Ightham Mote

LOCATION

IGHTHAM, KENT

Recommended by
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Our View

This moated manor house, nestling in a sunken valley, dates from 1320. The main features of the house span many centuries and include the Great Hall, an old chapel and crypt, a Tudor chapel with painted ceiling, and a drawing room with Jacobean fireplace, frieze and 18th-century hand-painted Chinese wallpaper. There is an extensive garden as well as interesting walks in the surrounding woodland. Following completion of all conservation work, visitors can enjoy the most extensive visitor route to date, including the bedroom of Charles Henry Robinson who bequeathed Ightham Mote to the National Trust.

Ightham Mote
IGHTHAM, Ivy Hatch, Sevenoaks, TN15 0NT
Phone : 01732 810378

Features

Facilities
  • Parking onsite
  • Cafe
Accessibility
  • Only part of gardens & ground floor rooms in house accessible
  • Facilities: Wheelchairs, mobility buggy available every day, special parking ask at office, virtual tour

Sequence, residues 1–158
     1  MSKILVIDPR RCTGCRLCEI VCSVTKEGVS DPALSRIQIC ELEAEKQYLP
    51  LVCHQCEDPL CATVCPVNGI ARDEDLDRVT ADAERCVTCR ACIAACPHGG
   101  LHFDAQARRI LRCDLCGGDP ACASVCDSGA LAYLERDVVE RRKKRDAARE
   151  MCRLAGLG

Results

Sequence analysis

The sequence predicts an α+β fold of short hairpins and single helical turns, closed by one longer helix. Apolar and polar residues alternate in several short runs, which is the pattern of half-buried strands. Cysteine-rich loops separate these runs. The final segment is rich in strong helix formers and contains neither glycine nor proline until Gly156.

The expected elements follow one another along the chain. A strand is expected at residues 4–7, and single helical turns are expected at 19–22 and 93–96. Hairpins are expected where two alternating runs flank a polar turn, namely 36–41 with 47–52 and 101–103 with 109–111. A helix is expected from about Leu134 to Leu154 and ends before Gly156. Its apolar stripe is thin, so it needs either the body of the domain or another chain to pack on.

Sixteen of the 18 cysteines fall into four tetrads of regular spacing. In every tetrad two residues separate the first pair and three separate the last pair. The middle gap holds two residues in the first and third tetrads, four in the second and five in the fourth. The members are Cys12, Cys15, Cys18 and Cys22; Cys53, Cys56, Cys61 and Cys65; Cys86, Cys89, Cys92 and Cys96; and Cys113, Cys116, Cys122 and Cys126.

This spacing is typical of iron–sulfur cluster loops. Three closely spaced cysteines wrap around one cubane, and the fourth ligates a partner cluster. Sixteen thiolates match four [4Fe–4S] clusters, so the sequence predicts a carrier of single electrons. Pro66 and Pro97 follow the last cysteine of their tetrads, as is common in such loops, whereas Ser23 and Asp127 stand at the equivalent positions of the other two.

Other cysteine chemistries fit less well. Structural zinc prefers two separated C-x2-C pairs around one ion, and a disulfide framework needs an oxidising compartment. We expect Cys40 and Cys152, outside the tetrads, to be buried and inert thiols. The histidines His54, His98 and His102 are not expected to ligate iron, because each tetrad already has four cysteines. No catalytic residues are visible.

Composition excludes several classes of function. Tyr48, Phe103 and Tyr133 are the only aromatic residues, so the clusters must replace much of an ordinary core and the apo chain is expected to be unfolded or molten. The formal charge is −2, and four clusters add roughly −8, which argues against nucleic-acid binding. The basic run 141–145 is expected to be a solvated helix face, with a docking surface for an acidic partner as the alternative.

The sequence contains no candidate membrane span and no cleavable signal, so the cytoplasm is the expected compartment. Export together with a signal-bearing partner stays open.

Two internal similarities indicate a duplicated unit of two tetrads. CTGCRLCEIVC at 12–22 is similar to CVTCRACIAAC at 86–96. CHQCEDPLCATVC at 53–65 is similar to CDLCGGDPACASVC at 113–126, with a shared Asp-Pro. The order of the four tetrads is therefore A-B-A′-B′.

• Accessible toilets
Opening Times
  • Opening Times: House open 4 Mar-29 Oct, daily 11-5 (gardens, cafe, exhibition & shop 10-5); 30 Oct-Dec 11-3. Closed 24-25 Dec

About The area

Discover Kent

The White Cliffs of Dover are an English icon – the epitome of our island heritage and sense of nationhood. They also mark the point where the Kent Downs AONB, that great arc of chalk downland stretching from the Surrey Hills and sometimes known as ‘the Garden of England’, finally reaches the sea. This is a well-ordered and settled landscape, where chalk and greensand escarpments look down into the wooded Weald to the south.

Many historic parklands, including Knole Park and Sir Winston Churchill’s red-brick former home at Chartwell, are also worth visiting. Attractive settlements such as Charing, site of Archbishop Cranmer’s Tudor palace, and Chilham, with its magnificent half-timbered buildings and 17th-century castle built on a Norman site, can be found on the Pilgrim’s Way, the traditional route for Canterbury-bound pilgrims in the Middle Ages. 

In the nature reserves, such as the traditionally coppiced woodlands of Denge Wood and Earley Wood, and the ancient fine chalk woodland of Yockletts Bank high on the North Downs near Ashford, it is still possible to experience the atmosphere of wilderness that must have been felt by the earliest travellers along this ancient ridgeway.

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